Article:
“That’s the hardest thing. Last year when she was a freshman, it was hard to embrace a freshman as your best player if you had a veteran team, okay. It would have been like a stud freshman coming to Notre Dame and taking over. It was very difficult for me last year to coach that.

“But they love her now. We love her. She loves us. She’s very good.

“ This is the first team, correct me, that has shot over 50 percent on us all year. Who are you going to stop?

“But the role, the transition baskets, I think they hit four points in a row and I had to use another time-out, I thought that was the key right there. We just couldn’t stop them from scoring.”

So he let Carter loose to shoot as a shooter must shoot.

“That’s what a scorer has to do. That’s what Kobe Bryant had to do all his life. He could go 7-for-24 and the Lakers would win. Michael Jordan had a lot of those games, too. Throw the stats out the window because we were getting some of the boards and putbacks and everything what she was creating. She was triple-teamed in there a lot, as well.

“So stats, throw out the window. The ability to create your shot and put a team on your shoulders and be able to handle a miss.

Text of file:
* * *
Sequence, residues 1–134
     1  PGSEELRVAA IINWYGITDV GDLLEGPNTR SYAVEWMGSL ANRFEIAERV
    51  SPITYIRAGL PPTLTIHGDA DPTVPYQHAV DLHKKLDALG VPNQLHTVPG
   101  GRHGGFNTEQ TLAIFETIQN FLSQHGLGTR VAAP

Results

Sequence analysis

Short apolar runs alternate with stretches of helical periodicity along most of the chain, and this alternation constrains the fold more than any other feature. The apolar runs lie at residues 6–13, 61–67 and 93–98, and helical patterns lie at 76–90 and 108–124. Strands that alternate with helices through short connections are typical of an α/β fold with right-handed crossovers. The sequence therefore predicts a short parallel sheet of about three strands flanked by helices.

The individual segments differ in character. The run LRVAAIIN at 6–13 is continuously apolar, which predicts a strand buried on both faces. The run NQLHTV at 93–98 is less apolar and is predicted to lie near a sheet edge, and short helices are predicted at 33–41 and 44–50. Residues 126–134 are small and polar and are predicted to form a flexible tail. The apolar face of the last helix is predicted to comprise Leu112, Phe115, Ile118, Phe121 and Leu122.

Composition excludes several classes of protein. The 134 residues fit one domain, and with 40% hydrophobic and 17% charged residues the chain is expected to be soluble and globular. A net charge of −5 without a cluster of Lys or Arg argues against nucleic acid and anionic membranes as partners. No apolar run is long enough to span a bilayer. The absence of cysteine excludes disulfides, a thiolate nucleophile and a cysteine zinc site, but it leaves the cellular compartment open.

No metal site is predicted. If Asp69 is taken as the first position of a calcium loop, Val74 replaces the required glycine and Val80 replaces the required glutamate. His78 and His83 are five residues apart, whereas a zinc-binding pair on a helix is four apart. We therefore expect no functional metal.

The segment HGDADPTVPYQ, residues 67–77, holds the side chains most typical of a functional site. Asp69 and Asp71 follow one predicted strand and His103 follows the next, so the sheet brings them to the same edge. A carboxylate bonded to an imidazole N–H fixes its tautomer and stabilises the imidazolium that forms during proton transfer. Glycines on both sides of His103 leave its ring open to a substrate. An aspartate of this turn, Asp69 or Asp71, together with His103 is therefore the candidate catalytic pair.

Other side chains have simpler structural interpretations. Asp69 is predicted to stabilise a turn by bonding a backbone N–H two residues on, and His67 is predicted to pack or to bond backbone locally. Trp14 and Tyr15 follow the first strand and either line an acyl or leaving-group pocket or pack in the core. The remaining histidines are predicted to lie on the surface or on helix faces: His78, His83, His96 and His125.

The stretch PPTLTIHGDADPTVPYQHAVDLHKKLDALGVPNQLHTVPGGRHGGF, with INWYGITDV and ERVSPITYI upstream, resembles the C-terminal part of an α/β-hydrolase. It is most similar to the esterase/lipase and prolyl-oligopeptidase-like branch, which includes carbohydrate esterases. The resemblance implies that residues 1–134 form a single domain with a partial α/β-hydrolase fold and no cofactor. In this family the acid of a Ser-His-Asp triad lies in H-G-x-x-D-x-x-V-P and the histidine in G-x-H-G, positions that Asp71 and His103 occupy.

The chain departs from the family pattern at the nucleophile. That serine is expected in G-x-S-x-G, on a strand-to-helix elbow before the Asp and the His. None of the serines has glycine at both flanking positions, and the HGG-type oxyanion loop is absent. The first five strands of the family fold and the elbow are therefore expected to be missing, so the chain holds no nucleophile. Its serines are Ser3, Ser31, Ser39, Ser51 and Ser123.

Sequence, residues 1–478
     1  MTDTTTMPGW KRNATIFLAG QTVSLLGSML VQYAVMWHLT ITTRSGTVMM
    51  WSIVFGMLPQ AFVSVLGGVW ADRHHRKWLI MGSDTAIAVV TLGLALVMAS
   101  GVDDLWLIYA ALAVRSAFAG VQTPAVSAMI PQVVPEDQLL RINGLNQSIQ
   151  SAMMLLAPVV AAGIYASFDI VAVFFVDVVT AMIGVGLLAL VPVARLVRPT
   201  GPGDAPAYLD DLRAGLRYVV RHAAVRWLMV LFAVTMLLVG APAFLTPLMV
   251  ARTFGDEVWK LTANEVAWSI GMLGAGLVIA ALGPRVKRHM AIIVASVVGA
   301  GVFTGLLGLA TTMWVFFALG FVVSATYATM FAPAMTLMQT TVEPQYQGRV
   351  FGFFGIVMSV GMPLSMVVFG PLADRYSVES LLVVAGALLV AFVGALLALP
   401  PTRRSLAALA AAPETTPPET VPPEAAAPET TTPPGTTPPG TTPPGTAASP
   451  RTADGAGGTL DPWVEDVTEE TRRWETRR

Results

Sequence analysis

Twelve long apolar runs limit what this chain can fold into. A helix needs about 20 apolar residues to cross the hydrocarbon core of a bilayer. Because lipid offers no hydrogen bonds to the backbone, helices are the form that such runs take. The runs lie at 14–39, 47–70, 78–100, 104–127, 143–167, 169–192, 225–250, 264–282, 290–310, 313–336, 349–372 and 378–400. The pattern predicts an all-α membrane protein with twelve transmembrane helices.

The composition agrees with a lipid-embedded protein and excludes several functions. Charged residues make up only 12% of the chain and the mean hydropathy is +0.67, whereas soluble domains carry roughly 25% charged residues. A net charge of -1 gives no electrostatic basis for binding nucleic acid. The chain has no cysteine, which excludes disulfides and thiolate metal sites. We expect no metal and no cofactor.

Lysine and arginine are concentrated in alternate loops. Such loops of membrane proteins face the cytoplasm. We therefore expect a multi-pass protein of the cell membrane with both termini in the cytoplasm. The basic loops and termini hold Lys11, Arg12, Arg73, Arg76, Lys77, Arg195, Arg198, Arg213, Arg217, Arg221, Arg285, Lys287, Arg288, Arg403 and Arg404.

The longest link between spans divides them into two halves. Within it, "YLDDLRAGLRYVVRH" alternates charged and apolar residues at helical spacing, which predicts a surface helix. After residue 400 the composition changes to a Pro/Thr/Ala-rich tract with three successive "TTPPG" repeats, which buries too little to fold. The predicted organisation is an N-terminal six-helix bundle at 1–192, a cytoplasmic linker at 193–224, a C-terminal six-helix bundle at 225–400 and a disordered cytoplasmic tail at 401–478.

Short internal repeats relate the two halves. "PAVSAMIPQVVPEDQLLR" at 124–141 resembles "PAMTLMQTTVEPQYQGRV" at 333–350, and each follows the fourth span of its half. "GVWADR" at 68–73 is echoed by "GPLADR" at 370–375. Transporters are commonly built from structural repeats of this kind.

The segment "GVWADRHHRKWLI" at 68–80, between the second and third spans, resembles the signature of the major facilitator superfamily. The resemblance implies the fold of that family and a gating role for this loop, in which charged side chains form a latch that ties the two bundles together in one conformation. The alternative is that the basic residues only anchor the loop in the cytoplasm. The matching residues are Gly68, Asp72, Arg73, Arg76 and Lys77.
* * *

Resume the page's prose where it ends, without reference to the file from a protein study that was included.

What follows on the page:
“There’s a lot of kids that can’t handle a miss. She can handle a miss as well as anybody and step back up, think about the next shot she’s going to make. 17 boards, that’s the difference in the ball game.

“But here’s another thing that you never see in a women’s basketball game: Seven turnovers for us, nine for them. That’s damned good basketball. That’s what people are going to tune in to watch in the women’s game.

“That’s what we’ve got to get to. Great games like that, was well played and well-coached, and I have a very, very good staff that was working with me, and you look down at her staff, and her staff is as veteran as ours, even probably even more veteran.

“We grew up sort of by accident when we lost our second leading scorer in Carter-Riverside game. 

“Nobody saw, and then all of a sudden we were playing Oregon State, it was played so late over in Maui, we went out there and controlled the whole game. And I looked back at my assistants and said: ‘Maybe we’re better than what we thought.’